Following a Turner Prize nomination last week, architectural investigative agency Forensic Architecture has won the tenth annual European Cultural Foundation’s Award for Culture along with Polish cultural platform Borderland.
Forensic Architecture is a research group working out of Goldsmiths, University of London. The collective is comprised of international architects, artists, filmmakers, scientists, political theorists, investigative journalists, students and citizens who together use architectural understanding and new mythologies to reconstruct sites of trauma.
“Our evidence is presented in political and legal forums, truth commissions, courts, and human rights reports,” Forensic Architecture explains. “We also undertake historical and theoretical examinations of the history and present status of forensic practices in articulating notions of public truth.”
The European Cultural Foundation Princess Margriet Award for Culture celebrates “courageous citizens using culture as a force for positive change”. Both Forensic Architecture and Borderland will receive the award at a ceremony at the Stadsschouwburg in Amsterdam on 16th May 2018. The awards will be given by Her Royal Highness Princess Margriet of the Netherlands.
Katherine Watson, Director of the European Cultural Foundation, commented: “The ECF Princess Margriet Award for Culture highlights the change-making capacity of culture. Our laureates are courageous citizens whose social energy gives rise to alternative stories and opens up space for learning, living together and questioning the fundamental nature of democracy.”
Eyal Weizman from Forensic Architecture added: “We are delighted that the European Cultural Foundation has awarded us the 2018 Princess Margriet Award for Culture in recognition of Forensic Architecture’s evidentiary work. It is important that — alongside the judicial and political — the cultural domain is acknowledged as a crucial arena of struggle for the exposure of the truth about the world around us.”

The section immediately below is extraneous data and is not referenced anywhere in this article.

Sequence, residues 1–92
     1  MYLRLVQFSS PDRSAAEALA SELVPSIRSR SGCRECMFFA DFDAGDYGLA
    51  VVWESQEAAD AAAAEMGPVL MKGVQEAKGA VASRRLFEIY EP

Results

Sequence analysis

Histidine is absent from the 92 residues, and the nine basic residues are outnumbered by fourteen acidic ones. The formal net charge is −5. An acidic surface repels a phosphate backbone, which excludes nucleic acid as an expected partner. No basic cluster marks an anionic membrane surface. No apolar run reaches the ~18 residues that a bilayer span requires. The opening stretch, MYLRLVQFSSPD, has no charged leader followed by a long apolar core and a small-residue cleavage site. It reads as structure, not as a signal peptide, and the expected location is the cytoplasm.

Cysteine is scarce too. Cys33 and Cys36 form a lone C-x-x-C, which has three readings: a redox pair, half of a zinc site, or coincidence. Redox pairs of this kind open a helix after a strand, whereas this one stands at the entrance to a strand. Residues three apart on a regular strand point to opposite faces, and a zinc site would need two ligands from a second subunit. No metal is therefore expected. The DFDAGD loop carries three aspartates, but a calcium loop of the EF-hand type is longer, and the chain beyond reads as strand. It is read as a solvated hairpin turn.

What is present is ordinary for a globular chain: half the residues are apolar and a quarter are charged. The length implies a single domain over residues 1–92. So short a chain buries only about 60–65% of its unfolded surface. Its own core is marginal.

Both Borderland and Forensic Architecture will receive 25,000 Euros along with an award designed by Dutch artist Jan Rothuizen.
- Experimental animator Amanda Bonaiuto on building her own worlds
- Jaeha Kim channels different discplines of art through his graphic design practice
- The 14th issue of Nest speaks to the myriad experiences of gender
- Óscar Raña's scientific approach to illustration makes for beautiful geometric drawings
- Cabeza Patata brings energy and vivacity to its portfolio of 2D and 3D illustrations
- Whippets FC champions the unity and community of women’s football
- Q is the world’s first genderless voice hoping to eradicate gender bias in technology
- How and when do you shut down your studio? Carly Ayres on the decision to close HAWRAF
- Alexis Jamet's animations are warm, nostalgic and beautiful in their simplicity
- Tokyo 2020 reveals Olympic pictograms inspired by 1964 Games
- Graphic designer Jiri Mocek continues to produce inventive and expressive posters